1. Developmental trauma

The term ‘developmental trauma disorder’ can cover any number of difficulties that arise when a child’s development is affected in the womb and/or by neglect and abuse after birth. Scientific research shows that this type of complex trauma can impact on every area of a child’s development, from their physical health to their thinking, feelings, behaviour, sense of self and ability to form attachments.  Two effects that we see frequently in adopted children are Foetal Alcohol Spectrum Disorder (FASD), which is a pre-birth trauma, and attachment difficulties that occur after birth.

2. Foetal Alcohol Spectrum Disorder (FASD)

FASD is an umbrella term that describes a range of physical and neurological birth defects caused by a woman drinking while pregnant.  It is the most common preventable cause of learning difficulties.

Many children who do not display the physical characteristics are often undiagnosed until they show difficulties at school, or are never diagnosed at all.  People with FASD do not grow out of it.

Children with FASD can appear bright, articulate and confident, but there are parts of their brain that just do not work well and they can quickly become frustrated, angry and display negative behaviour traits.  As these behaviours result from deficits in brain functioning and are beyond the child’s control, ‘normal’ discipline does not improve the child’s behaviour and, in fact, may make it worse.

3. Attachment difficulties

Healthy attachments are essential to a child developing well at home, in school, and in wider society.  The word ‘attachment’ can be described as a deep bond between a child and their caregiver that binds them in space, endures over time and creates a sense of safety and stability.  Although nobody is born attached, we are born with the drive to form attachments, primarily with our birth mother.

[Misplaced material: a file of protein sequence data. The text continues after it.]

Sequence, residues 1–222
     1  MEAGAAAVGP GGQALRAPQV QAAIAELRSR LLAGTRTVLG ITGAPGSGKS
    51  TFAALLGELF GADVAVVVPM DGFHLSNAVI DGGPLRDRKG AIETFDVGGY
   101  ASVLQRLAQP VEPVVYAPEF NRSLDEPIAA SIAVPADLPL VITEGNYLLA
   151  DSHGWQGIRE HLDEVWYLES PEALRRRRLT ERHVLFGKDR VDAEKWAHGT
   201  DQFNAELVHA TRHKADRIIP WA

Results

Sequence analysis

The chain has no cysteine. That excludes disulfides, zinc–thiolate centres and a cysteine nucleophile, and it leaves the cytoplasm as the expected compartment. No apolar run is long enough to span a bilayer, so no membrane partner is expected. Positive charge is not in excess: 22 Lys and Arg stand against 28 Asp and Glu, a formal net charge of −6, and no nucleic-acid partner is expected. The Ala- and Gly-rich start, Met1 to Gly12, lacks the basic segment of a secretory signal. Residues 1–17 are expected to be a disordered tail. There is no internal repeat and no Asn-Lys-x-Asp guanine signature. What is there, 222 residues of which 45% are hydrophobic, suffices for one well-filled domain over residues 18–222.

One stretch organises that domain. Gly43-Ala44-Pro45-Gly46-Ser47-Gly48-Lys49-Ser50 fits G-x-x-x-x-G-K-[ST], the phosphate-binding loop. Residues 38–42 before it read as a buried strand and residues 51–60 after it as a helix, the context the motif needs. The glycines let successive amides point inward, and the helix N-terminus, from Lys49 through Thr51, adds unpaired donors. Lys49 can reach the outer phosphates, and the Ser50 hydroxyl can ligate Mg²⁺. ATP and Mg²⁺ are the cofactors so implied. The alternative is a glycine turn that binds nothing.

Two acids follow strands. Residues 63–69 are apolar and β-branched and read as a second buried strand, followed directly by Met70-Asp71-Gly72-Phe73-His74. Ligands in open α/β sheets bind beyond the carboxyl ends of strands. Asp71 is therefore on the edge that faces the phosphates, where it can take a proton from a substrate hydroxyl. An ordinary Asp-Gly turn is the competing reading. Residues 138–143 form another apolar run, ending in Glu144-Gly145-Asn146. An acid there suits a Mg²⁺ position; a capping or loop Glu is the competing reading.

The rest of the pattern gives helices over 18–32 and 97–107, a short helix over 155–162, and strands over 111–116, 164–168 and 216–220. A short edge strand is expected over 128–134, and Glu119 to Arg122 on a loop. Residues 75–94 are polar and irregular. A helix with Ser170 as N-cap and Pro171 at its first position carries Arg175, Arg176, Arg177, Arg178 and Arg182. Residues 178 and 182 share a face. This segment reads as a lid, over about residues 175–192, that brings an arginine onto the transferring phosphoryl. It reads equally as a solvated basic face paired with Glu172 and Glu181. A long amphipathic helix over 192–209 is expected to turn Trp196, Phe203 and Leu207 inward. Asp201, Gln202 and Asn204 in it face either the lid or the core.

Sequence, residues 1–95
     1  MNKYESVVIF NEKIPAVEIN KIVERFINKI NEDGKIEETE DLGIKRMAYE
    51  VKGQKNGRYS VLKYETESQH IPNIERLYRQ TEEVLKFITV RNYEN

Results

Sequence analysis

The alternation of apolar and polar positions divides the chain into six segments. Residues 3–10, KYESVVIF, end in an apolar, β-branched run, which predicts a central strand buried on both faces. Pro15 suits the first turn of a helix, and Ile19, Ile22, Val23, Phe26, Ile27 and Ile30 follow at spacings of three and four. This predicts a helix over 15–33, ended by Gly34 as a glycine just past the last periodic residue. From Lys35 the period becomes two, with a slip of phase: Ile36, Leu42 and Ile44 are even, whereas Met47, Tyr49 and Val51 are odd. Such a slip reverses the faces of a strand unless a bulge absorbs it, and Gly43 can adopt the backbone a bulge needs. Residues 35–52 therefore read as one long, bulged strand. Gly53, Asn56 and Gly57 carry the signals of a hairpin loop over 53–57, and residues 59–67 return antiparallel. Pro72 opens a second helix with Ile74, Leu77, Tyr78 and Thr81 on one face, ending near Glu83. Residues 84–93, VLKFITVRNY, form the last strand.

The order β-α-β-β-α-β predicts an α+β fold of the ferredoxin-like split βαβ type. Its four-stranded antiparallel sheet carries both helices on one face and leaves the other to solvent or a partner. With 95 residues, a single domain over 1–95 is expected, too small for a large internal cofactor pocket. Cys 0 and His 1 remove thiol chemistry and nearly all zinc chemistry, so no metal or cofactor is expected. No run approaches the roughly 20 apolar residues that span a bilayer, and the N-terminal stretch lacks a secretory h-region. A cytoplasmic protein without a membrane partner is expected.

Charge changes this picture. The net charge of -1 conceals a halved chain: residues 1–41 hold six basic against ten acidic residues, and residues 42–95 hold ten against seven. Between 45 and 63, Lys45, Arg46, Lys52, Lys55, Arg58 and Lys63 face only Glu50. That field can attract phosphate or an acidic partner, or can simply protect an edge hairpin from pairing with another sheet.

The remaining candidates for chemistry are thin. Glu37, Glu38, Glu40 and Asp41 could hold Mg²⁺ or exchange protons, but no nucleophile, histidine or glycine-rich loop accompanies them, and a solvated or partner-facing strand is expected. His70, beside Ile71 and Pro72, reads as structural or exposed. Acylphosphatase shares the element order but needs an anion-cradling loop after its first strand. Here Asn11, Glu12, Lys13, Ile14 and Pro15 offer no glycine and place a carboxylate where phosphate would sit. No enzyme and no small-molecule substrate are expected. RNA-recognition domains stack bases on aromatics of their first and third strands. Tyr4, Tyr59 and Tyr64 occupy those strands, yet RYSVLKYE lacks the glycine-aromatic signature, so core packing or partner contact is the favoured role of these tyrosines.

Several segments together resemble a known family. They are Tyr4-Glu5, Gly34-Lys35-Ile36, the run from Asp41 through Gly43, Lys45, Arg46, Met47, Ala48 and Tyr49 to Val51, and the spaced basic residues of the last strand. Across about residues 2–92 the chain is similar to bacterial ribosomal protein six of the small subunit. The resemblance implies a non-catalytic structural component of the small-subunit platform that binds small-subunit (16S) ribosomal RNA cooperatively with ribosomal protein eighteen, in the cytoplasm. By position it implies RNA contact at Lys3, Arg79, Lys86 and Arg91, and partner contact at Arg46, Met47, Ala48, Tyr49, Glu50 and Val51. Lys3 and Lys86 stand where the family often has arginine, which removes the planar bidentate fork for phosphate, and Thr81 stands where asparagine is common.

All adopted children will have experienced attachment disruption, often as the result of maternal deprivation, neglect, illness, multiple carers, abuse and/or frequent moves through the care system.  As such, these children tend to have an insecure attachment style that results in an anxious, avoidant, angry/ambivalent or disorganised way of relating to others and the world.

Attachment difficulties can make it hard for children to…

• Gain the confidence and the self-motivation that comes from exploring the world from a safe base

• Achieve developmental milestones

• Reach their intellectual potential

• Behave in a socially acceptable way

• Think logically

• Develop a conscience, have empathy

• Become self-reliant

• Cope with stress, frustration, fear, worry

• Develop good relationships with peers and teachers

• Feel like a worthwhile person

4. Developmental gaps

Insecurely attached children often feel, think and act much younger than their chronological age.  Gaps in their development can create challenges for them at school, where they are expected to behave with the same maturity as their securely attached peers.  This can be frustrating for a child who may have the concentration and stimulation levels of a much younger child and may need learning tools, play activities, nurture, supervision, targets and boundaries appropriate to their developmental, rather than their chronological age.

5. Executive functions

Executive functions are a set of mental processes that help us to learn.  We use them to solve problems, remember, manage time and space, plan, organise, start and change activities, set goals and stay on task long enough to achieve them.  They also help us to regulate feelings.

6. Toxic stress and anxiety

A little stress is motivating but adopted children will have endured unrelieved bouts of stress that had a toxic effect on their development.  This is due mainly to a chemical called cortisol. In quick bursts of stress the body produces adrenalin but when stress is prolonged or chronic, cortisol takes over.  High levels of cortisol in early years can cause sensory integration problems and traumatised children can develop anticipatory stress where they expect bad things to happen.

7. Sensory issues

Everyone has occasional sensory integration or processing challenges when the brain is overloaded by sensory information, or deprived of it.  But some people go through daily life unable to process and integrate effectively the sensory information they receive through the seven senses of sight, sound, taste, touch, smell, body awareness and movement/balance. Adopted children may fall into this category as developmental trauma affects all areas of a child’s functioning.  They may get labelled as ‘badly behaved’.

In Conclusion

If we wish to prepare teachers to be able to deliver a new curriculum in which children’s wellbeing is a priority we must ensure that they understand the basics of early child development and the impact of early trauma and neglect on children and their ability to learn.  We urge the Welsh Government to ensure that initial teacher training and the ongoing professional development of teachers includes these areas of knowledge.